In recent years, organizations across sectors have been forced to overhaul many of their processes as the importance of CX has taken center stage. Largely due to the rise in “CX native” companies, customers’ expectations across areas like getting immediate help, maintaining control, and personalization have grown. Meanwhile, privacy concerns have increased, social media has enabled a direct platform to voice experiences, and the COVID-19 pandemic has changed the way customers want to interact with companies.
For companies to succeed—and outperform their peers—in this environment of constant change, a culture of customer-centricity is critical. It calls for action across three levels: build aspirations anchored in purpose, take a comprehensive approach to transforming the business, and establish critical enablers that support and speed the transformation.
Building the right organizational capabilities and culture to plan, execute, and sustain the transformation is the first of these critical enablers. At its core, this step distinguishes the organizations that are altering their DNA to evolve from those simply going through the motions of change. Programs to build capabilities and change culture are key to changing an organization’s core. Without them, companies may succumb to any number of potential pitfalls that will undermine their goals. Our experience has revealed the following six as the most common (exhibit). 1 1. Note that while this article primarily focuses on the necessary capabilities to consider, additional interventions are needed to drive comprehensive culture change such as role modeling customer-centric behaviors from the top, fostering understanding around why CX is critical across the organization, and putting in place the right reinforcement mechanisms. For more, see Tessa Basford and Bill Schaninger, “The four building blocks of change,” McKinsey Quarterly, April 11, 2016.
1. Failure to link CX to value
Many customer-experience transformations stall because senior leaders fail to directly link the efforts with strategic priorities, such as revenue growth by product or geography. Without clearly showing how a better experience will drive increased customer satisfaction, loyalty, and attraction, and thereby better business results, the effort is likely to seem frivolous and to lose executive sponsorship.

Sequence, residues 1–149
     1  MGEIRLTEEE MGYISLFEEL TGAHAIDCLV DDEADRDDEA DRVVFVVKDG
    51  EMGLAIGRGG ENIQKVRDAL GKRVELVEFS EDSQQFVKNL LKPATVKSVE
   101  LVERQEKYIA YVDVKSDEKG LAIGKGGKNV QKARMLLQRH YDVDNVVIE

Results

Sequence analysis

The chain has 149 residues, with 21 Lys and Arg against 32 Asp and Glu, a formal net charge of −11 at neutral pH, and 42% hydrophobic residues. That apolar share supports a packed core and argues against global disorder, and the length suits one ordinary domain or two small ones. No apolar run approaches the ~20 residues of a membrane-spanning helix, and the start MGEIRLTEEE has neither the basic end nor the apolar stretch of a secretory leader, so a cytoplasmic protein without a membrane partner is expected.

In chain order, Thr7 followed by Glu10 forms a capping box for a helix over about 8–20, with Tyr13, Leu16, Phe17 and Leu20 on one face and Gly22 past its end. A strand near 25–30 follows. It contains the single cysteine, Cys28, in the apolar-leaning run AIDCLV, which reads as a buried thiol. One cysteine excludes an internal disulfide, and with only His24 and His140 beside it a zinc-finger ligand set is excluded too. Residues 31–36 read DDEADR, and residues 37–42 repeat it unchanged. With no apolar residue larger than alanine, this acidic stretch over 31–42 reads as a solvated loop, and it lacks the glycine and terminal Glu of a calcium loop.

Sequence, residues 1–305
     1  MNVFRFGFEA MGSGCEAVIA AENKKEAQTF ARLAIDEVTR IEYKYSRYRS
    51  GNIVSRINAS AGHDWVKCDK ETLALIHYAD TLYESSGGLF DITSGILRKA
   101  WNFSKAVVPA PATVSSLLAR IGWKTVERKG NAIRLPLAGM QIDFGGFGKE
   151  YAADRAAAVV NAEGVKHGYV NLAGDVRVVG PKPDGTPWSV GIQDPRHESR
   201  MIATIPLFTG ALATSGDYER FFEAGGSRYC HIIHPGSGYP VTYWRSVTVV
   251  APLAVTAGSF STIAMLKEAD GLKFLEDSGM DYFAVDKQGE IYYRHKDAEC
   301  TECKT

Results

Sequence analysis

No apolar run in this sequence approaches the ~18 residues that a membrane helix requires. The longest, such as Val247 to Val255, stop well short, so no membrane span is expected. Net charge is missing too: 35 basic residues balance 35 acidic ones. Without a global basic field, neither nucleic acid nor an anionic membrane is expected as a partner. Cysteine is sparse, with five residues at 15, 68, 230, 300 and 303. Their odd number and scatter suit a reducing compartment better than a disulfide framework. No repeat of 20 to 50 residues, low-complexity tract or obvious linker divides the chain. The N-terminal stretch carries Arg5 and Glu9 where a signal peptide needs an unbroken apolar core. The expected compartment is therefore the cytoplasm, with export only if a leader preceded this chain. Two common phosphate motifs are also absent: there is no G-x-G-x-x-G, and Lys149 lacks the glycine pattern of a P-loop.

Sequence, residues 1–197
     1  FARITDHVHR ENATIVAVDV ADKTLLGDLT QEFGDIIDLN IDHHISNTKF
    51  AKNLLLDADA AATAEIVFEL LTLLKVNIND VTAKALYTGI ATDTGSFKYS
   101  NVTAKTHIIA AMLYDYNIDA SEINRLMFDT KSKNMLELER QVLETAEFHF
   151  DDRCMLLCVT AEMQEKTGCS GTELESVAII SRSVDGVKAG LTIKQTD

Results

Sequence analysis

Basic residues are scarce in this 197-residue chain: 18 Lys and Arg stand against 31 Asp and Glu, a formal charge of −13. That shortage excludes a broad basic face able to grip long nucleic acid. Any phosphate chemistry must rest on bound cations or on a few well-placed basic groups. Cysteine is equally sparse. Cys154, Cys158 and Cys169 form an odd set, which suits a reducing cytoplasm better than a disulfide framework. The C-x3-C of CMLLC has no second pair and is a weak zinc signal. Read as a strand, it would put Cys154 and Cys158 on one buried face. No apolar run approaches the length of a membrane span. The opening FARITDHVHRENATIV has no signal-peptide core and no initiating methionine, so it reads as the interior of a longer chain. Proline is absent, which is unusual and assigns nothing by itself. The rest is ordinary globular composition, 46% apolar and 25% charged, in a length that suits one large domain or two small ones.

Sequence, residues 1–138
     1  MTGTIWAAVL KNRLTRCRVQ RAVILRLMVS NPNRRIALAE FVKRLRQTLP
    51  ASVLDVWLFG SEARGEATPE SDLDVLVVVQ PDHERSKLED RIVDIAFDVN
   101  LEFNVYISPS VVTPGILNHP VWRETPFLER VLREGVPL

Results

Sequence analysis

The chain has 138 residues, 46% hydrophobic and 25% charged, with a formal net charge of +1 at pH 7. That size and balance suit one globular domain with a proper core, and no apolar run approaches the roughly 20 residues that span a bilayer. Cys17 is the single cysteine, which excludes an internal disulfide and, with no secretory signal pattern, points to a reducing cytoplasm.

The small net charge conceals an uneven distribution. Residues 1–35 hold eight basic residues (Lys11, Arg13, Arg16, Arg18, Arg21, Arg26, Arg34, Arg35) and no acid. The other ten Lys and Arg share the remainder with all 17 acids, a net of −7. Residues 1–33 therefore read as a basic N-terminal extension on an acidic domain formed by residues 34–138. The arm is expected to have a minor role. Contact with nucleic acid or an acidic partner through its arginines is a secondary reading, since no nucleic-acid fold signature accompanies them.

Case example: ‘Buying’ customer satisfaction
A senior leader of a multinational bank set a goal to improve its customer-satisfaction scores on surveys by 10 percent. Bank managers and leaders made small changes in service by offering, for instance, free add-on products just before customers took the surveys. But by narrowly focusing on attaining good scores, the bank failed to consider customer needs and opportunities to deepen relationships. After one year, the scores went up, but the bank’s market share and profits stayed flat.
The bank’s leaders could have driven better outcomes had they been able to translate and effectively communicate to teams how improved customer satisfaction would drive referrals, attract more customers, increase the bank’s share of wallet, and improve employee engagement. This ability to clearly articulate how a CX effort will lead not only to more satisfied customers but also to better business results, is a skill that must often be intentionally developed.
Some customer experience leaders lose precious time by trying to fix everything at once. A proliferation of small, siloed initiatives that lack focus dilutes impact, resulting in incremental change, at best.
Case example: When everything is a priority
A CX leader at a global telecommunications company had developed a portfolio of more than 300 initiatives that spanned multiple business units. After more than 50 agile teams had worked on these initiatives simultaneously for nearly two years, she was disappointed to see minimal customer and business impact.
After the CX leader and her team learned best practices for prioritization, they realized that overall customer satisfaction was most closely linked with the customer onboarding journey. Reallocating attention and resources to redesigning it helped to more than double their overall customer satisfaction. This example illustrates the importance for leaders and teams to have the capability to effectively prioritize efforts and resources to focus on those that will create the most meaningful customer and business outcomes. Thoughtful sequencing allows both customers and the business to see real and meaningful impact in the near term and ultimately greater gains in overall customer satisfaction and business value.